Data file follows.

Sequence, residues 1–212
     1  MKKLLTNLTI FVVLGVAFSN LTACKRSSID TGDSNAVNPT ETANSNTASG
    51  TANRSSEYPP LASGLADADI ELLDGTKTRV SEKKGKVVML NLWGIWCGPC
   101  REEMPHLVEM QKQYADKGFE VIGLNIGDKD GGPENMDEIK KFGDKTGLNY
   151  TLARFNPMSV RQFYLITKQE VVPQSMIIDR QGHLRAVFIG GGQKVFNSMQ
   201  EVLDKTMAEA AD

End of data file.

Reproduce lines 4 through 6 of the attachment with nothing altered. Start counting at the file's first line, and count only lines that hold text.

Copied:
   101  REEMPHLVEM QKQYADKGFE VIGLNIGDKD GGPENMDEIK KFGDKTGLNY
   151  TLARFNPMSV RQFYLITKQE VVPQSMIIDR QGHLRAVFIG GGQKVFNSMQ
   201  EVLDKTMAEA AD